The main page of the website featured a box with images. These images were unclickable, but featured elements that looked like real and clickable elements of the page, and even contained CTAs such as “Start”. Because of that confusing feature, the click tracking heatmaps tool showed that even up to 24% clicks on the website were wasted, as they were placed on the fake CTAs and elements that were simply unclickable and led to nowhere.
Even though they looked real, they provided no value for the visitor.
Click tracking heatmaps can be visualized either as single points or as a cloud
In the picture above, the click tracking shows how many clicks were placed in an area where no element is actually clickable, despite its deceptive design. As it is shown, the aforementioned 24% clicks are in vain.
The actual CTAs that bring the clients to the payment form attract 31% of clicks. The fact that both areas receive almost the same attention signals that there is a problem, as almost the same amount of clicks goes to waste because of an unintuitive design.
OptimalEnergy used the click tracking heatmaps to further determine the movement of their visitors on the website in order to find out where exactly they focus their attention. First, they studied their menu bar to see how it is being utilized.
Respectively: Main Page, About us, Info about energy, Reports, and Contact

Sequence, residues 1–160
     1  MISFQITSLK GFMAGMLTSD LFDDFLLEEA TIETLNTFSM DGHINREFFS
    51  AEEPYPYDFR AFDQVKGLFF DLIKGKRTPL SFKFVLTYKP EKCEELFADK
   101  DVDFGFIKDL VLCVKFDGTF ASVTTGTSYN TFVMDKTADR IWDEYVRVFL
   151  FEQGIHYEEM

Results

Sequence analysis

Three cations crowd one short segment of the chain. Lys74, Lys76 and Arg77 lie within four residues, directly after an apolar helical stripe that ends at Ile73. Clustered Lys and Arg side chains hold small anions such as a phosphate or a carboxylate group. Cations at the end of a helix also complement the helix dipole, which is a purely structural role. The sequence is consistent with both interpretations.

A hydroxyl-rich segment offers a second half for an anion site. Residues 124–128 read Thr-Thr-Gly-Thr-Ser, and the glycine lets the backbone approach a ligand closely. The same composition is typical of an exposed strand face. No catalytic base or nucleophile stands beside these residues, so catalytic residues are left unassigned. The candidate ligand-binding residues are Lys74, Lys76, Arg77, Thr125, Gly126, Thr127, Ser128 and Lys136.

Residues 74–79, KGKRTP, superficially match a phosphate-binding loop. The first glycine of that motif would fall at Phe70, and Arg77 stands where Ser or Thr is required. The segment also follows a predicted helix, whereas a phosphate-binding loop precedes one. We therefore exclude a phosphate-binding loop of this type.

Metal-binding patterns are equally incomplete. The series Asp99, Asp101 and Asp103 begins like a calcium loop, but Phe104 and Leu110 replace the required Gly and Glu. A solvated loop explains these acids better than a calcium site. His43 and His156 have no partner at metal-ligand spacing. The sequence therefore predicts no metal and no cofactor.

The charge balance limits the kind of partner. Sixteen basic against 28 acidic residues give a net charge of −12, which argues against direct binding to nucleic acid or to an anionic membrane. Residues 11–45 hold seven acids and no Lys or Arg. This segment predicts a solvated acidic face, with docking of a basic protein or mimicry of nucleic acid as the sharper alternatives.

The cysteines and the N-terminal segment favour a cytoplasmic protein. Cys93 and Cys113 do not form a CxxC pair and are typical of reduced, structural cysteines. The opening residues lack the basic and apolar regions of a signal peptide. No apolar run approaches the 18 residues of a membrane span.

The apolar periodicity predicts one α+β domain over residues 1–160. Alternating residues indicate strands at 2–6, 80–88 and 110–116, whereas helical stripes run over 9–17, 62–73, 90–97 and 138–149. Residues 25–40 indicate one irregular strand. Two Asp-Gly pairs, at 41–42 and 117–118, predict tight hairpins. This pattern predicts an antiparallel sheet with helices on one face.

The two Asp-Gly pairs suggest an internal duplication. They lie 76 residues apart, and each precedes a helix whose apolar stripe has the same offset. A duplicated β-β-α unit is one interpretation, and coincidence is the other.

The results showed that the visitors use the menu bar mostly to check the “About Us” subpage (the second part), and it attracted about 5% of all clicks. Users wanted to see the information about the company, but didn’t spend a lot of time there (estimated 1 to 5 seconds). With reversed click tracking heatmaps, OptimalEnergy saw how visitors operate on the “About Us” subpage, and determined that people simply scan the content.
People mostly focus on the beginning and if they do not find anything compelling, they abandon the page.
The conclusion is as follows: the website is designed in a way that attracts attention to unclickable elements, but doesn’t do anything to actually promote the value of the company. Therefore, it needs to be redesigned in order to actually focus people’s attention on the elements that lead to converting.
In order to do that, OptimalEnergy used arrows to direct the movement of visitor’s eyes to elements that are important, and made all of the unclickable elements actually clickable.
Choose start – a call to action for people who want to start calculating the most efficient energy tariff. The arrow immediately points to the area which launches the whole process.
As a result, the effectiveness of CTAs increased by 66.2%, and the conversion rate increased by 122.6%, all thanks to a successful click tracking heatmaps study.
Click tracking heatmaps are an incredibly useful tool when it comes to collecting data about your customers or visitors. It is best used for diagnosing problems that might be present within the website. The biggest advantage is that it is a very easy study to conduct and it doesn’t require a lot of investment either in time or money.
Data is important, and the website visitors provide the best data available. Thanks to it you can improve your service and increase your conversion rates – a result that everyone is striving for.
- 4 May, 2015
- Posted by Bartosz Mozyrko
- 1 Comments